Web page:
Unhinged on Hinge: UD students’ take on dating apps


Neeva Patel, Staff Writer

“I met up to get coffee with a person I met on a dating app,” Juniper* (12) said, who is anonymous because her parents don’t know she uses the app. “We went on a walk in Central Park and ended up talking for two hours.”

Since Tinder’s release in 2012, online dating apps have found an audience with 30% of US adults, most of whom are between 18 and 29 years old, according to The Atlantic. With 957,000 monthly downloads, Tinder is the most popular dating app in the US, followed by Bumble, Hinge, Paired, and then Plenty of Fish. Apps that cater to specific demographics, such as JSwipe for Jewish people, Muzz for Muslims, and Grindr for gay men, are also popular. Users can get advice from a halal dating coach on Muzz, scroll through the “most liked” users on JSwipe, and see which users are at locations near them at any given time on Grindr. 

In an anonymous Record poll to upperclassmen, only two out of 81 respondents have a profile on a dating app, although interviews suggest the real number is higher. Because users must be 18 to make a profile, underage students falsify their age in order to use the apps. The two students in the Upper Division (UD) reported downloading dating apps “for fun” and because they “wanted to find people to meet up with.” Motivations to use online dating apps differ based on the individual — while some students download these apps as a joke, others are legitimately looking for potential partners.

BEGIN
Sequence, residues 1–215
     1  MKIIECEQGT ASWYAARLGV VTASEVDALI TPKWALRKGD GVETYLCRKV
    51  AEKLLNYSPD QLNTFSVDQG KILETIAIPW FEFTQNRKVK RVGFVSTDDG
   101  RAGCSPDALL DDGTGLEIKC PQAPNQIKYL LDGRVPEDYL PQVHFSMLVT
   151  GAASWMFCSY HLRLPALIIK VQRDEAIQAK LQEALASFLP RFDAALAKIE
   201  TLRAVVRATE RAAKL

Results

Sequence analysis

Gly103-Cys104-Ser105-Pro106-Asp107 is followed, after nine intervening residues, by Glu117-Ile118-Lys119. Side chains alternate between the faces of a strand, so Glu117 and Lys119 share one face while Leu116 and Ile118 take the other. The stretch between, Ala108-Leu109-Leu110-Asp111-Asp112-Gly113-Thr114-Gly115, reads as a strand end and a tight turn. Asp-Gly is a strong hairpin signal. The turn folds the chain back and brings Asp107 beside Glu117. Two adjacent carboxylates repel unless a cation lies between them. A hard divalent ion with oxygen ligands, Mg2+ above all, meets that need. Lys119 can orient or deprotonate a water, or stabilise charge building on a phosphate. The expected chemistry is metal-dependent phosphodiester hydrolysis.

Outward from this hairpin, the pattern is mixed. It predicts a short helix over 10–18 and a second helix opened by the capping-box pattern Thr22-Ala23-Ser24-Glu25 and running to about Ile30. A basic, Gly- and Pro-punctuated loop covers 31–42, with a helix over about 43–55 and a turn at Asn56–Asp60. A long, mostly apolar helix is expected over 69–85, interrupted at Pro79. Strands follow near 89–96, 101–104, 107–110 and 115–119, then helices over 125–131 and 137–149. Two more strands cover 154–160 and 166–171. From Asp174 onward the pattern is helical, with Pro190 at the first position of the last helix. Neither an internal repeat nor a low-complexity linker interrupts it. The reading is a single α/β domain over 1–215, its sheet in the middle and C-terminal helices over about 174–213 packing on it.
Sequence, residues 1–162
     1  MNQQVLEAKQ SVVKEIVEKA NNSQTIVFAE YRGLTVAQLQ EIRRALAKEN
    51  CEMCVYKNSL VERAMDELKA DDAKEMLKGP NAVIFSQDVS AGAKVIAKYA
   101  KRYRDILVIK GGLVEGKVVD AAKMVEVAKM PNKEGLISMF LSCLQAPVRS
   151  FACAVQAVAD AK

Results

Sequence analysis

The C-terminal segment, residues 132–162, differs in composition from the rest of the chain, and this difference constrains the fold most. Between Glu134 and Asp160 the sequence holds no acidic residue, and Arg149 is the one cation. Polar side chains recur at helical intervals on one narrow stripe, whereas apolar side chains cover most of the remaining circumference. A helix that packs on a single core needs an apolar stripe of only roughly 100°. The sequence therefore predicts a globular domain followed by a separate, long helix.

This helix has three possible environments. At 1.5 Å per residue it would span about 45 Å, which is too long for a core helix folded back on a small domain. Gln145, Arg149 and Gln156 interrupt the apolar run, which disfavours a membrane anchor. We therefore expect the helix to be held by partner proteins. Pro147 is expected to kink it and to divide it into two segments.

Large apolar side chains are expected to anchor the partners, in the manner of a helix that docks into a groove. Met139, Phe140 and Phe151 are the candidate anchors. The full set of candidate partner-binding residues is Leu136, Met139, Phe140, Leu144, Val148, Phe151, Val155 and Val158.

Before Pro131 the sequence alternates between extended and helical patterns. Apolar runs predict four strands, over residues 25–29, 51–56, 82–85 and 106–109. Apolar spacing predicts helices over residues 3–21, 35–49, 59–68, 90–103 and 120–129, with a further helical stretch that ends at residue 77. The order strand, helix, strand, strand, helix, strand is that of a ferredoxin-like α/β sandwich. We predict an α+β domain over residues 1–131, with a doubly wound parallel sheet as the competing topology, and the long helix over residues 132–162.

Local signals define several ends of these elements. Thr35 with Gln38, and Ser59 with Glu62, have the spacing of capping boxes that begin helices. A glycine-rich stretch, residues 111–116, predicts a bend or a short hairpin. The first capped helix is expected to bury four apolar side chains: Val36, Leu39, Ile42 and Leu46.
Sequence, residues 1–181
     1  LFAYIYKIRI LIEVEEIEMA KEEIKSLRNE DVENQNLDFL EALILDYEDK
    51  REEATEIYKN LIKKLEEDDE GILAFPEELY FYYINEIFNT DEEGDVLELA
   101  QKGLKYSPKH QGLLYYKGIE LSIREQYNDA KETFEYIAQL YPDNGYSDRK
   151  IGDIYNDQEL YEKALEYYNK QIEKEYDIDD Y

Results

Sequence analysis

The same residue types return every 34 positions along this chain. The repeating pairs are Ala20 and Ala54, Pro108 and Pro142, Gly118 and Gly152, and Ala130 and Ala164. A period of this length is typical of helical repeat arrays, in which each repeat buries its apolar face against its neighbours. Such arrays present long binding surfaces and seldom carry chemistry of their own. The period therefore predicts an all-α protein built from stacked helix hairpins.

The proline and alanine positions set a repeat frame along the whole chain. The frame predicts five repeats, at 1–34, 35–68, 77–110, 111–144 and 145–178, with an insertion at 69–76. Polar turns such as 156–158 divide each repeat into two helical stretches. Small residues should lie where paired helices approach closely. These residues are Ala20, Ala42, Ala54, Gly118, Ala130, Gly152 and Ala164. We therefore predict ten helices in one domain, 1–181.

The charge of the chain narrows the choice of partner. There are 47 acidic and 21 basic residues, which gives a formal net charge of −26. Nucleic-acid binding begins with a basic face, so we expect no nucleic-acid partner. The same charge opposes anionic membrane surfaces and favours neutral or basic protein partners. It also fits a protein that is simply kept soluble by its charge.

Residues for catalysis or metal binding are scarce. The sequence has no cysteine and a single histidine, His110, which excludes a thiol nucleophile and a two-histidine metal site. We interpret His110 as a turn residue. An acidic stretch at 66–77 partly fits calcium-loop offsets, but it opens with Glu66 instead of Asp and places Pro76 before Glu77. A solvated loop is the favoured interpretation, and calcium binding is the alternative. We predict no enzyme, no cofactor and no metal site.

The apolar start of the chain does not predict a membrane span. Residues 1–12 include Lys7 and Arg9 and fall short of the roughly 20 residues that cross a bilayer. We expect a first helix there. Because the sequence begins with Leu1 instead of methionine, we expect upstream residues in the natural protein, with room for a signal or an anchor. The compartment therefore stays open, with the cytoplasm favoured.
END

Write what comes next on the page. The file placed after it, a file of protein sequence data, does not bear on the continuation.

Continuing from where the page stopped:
Colette* (11), who is anonymous because she is underage, first downloaded Hinge as a joke with her friends, she said. She was curious to see what profiles other people on the app created for themselves since the profiles she saw on TikTok were funny. “I was with a group of people over the summer, and we wanted to see what it would be like to have a profile, but it was never anything serious.”

On the other hand, Juniper put a lot of thought into presenting the most authentic version of herself on her dating profile, she said. “I feel no need to appear a certain way for people since I want to have genuine conversations, so I included what best encompasses my personality,” she said. She included a long and detailed description of herself and her hobbies, what she is looking for in a partner, and some photos of herself. 

Dante* made a profile for his friend on Wizz with his real name and photo, though the description was made up and exaggerated because his friend had no intention of actually finding a partner. Because Wizz is open to users aged 13 and up, Dante did not have to lie about his friend’s age.